When we published our 2016 Driver CG chart in late March, there were some omissions. Several of you commented (and emailed) to ask about some of the clubs we left off of the initial chart.

What about, this, that, and the others?

No worries, guys, we’ve got you covered. Today we’re publishing a revision to our 2016 Center of Gravity Charts. We’ve updated the data to include the following drivers:


For those of you who are stumbling across our CG charts for the first time, and may be wondering what they are, and why they matter, I would encourage you to check out any and all of our previous posts on the topic.

For the rest of you, let’s get to the new info:

CG Relative to Face Center

The chart below shows the YZ (top to bottom and front to back) CG location relative to the center of the face for the 23 drivers measured. Effectively, the area shown represents that 14mm x 12mm box we mentioned in the fine print section. These measurements depict CG locations without consideration for their relationship to the neutral axis. As such they are not loft dependent. Basically, the chart shows the actual CG location for each driver measured. In addition to the Manufacturer and Model filters:

  • You can click on any model name at the top of the chart to isolate that club
  • Hold down Ctrl while clicking to isolate multiple clubs
  • Hovering over any dot will reveal additional information including the relevant movable weight setting and the actual measurements in millimeters

For even more information, including comparative data from 2015 drivers, check out the Advanced Data Page.


  • As expected based on the continuation of the cavity design, Nike’s offerings remain among the highest CG drivers on the market. Of the new for 2016 additions, only Bombtech’s Grenade has a higher CG placement. This would suggest a set of drivers best suited for golfers who contact the ball with the upper third of the driver face.
  • Without regard for proximity to the neutral axis, we would classify Nike’s offerings as mid-forward.
  • Wilson’s FG Tour F5 is also a mid-forward design (relative to face center), and plus or minus a few 10ths of a millimeter could easy be mistaken for one of the settings within the M1’s range.
  • Callaway’s XR16 Sub Zero is rewriting the definition of forward CG (again, relative to face center). With the heavier of the two weights in the forward position, I believe it offers the most forward CG of any driver we’ve ever put on our charts. While the absolute CG is not as low as some others, it unquestionably qualifies as a low CG head.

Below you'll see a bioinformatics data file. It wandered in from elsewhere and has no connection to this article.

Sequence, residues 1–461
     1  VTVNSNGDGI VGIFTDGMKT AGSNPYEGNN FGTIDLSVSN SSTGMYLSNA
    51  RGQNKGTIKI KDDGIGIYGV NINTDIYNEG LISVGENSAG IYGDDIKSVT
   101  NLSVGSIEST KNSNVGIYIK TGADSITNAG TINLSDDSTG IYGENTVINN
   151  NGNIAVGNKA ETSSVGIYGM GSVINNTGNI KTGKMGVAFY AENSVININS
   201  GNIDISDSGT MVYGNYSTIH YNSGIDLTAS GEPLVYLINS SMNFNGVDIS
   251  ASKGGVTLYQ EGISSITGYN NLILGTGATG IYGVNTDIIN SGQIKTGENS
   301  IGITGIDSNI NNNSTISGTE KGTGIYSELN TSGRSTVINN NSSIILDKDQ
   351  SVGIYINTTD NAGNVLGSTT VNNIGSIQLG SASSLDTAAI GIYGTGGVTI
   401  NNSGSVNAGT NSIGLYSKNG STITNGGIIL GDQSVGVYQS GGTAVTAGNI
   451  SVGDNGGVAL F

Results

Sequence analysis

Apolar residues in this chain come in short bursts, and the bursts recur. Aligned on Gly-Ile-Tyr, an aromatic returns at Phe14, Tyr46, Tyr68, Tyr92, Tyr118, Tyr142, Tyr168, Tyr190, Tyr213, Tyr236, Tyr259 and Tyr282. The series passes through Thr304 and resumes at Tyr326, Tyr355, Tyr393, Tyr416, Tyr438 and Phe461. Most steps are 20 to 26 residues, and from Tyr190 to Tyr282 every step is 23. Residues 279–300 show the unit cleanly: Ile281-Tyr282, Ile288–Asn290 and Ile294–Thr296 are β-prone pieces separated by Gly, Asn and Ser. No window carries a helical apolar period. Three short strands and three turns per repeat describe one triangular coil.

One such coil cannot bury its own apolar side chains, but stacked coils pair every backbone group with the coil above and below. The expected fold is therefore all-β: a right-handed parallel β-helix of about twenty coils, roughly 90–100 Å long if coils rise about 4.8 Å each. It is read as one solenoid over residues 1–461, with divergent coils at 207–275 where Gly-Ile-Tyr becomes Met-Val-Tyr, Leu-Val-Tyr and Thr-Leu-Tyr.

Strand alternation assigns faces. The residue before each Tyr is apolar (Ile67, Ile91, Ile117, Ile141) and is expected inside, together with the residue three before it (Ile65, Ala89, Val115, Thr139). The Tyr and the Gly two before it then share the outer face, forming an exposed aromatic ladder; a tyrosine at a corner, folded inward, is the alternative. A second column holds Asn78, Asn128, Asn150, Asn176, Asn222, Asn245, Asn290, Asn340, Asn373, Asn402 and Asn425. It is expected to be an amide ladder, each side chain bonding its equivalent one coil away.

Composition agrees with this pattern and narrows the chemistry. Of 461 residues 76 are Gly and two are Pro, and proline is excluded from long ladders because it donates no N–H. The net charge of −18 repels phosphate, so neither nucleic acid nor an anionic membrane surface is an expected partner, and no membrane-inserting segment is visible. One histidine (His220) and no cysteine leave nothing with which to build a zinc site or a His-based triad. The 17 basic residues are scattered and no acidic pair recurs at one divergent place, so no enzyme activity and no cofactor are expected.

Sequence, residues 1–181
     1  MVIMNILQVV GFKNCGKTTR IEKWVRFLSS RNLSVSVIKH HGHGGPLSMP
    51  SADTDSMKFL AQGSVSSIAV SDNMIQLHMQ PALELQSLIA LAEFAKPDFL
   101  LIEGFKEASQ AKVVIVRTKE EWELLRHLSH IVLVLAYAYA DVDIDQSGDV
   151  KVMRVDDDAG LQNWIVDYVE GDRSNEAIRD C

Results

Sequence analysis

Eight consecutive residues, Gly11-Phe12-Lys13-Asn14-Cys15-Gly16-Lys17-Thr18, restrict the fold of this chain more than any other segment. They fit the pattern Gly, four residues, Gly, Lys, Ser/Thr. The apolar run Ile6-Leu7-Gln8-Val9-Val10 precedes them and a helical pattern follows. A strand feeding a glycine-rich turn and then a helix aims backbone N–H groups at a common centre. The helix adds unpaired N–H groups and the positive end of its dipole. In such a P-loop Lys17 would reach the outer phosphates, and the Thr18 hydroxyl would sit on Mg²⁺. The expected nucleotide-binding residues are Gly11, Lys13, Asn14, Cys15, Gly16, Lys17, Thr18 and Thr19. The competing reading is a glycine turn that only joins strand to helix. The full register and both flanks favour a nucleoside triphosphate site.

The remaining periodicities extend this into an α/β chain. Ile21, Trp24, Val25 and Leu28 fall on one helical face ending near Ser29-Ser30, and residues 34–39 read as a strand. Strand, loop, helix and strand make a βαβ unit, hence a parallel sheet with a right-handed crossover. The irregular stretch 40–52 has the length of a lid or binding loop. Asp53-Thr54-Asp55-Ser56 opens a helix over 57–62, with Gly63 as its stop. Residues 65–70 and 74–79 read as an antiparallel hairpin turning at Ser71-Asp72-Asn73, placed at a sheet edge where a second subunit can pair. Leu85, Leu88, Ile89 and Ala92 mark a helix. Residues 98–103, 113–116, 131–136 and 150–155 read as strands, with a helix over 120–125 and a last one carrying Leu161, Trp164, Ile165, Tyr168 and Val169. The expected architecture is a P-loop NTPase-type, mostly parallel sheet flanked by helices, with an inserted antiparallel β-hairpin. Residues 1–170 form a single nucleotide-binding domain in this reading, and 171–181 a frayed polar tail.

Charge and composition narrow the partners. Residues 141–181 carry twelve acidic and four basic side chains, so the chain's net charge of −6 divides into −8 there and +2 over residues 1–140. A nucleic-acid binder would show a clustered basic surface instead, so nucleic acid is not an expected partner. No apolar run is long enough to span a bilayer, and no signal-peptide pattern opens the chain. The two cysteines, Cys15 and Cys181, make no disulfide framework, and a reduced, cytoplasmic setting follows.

CG Relative to the NEUTRAL AXIS

Here’s our 2016 CGNA & MOI Chart. Same filter rules apply. (Note that because both the data and the scale is fundamentally different, this chart cannot be directly compared to the Front to Back chart above.)

For an explanation of the Neutral Axis and why it matters, check out our primer on Center of Gravity.

For even more information, including comparative data from 2015 drivers, check out the Advanced Data Page.


  • While Nike has shifted its driver CGs closer to the neutral axis, MOI is slightly lower across all three models for 2016 (compared to 2015).
  • Surprisingly, while all 3 models offer similar MOI, the Vapor Flex 440 (weight back) is slightly more forgiving (based on MOI measurement) than the other two.
  • With regard for the neutral axis, Wilson’s FG Tour F5 again sits squarely in the middle of the M1’s range – though the F5’s CG is slightly higher than M1 in all but the rear-most weight configurations.
  • Callaway’s XR16 Sub Zero fits exactly where we expected it would (and admittedly where I hoped it would). Positioned in the middle ground of sorts between the M1 430 and Cobra’s F6+, the CG is, in fact, Sub Zero (relative to the neutral axis). From a truth in marketing standpoint, Sub Zero is exactly what the company had suggested it is.

As you might expect, we have also updated our Advanced Data Page. There you will find

  • Bigger charts
  • 2015 & 2016 Driver models
  • Measured vs. Stamped Loft, along with head weights
  • Left/Right CG (Draw/Fade Bias)
  • What If?…The normalized CG chart

For those of you who are interested in digging deeper and seeing more drivers, and more data, the Advanced CG Charts should not be missed.

*We may earn a commission when you buy through links on our site.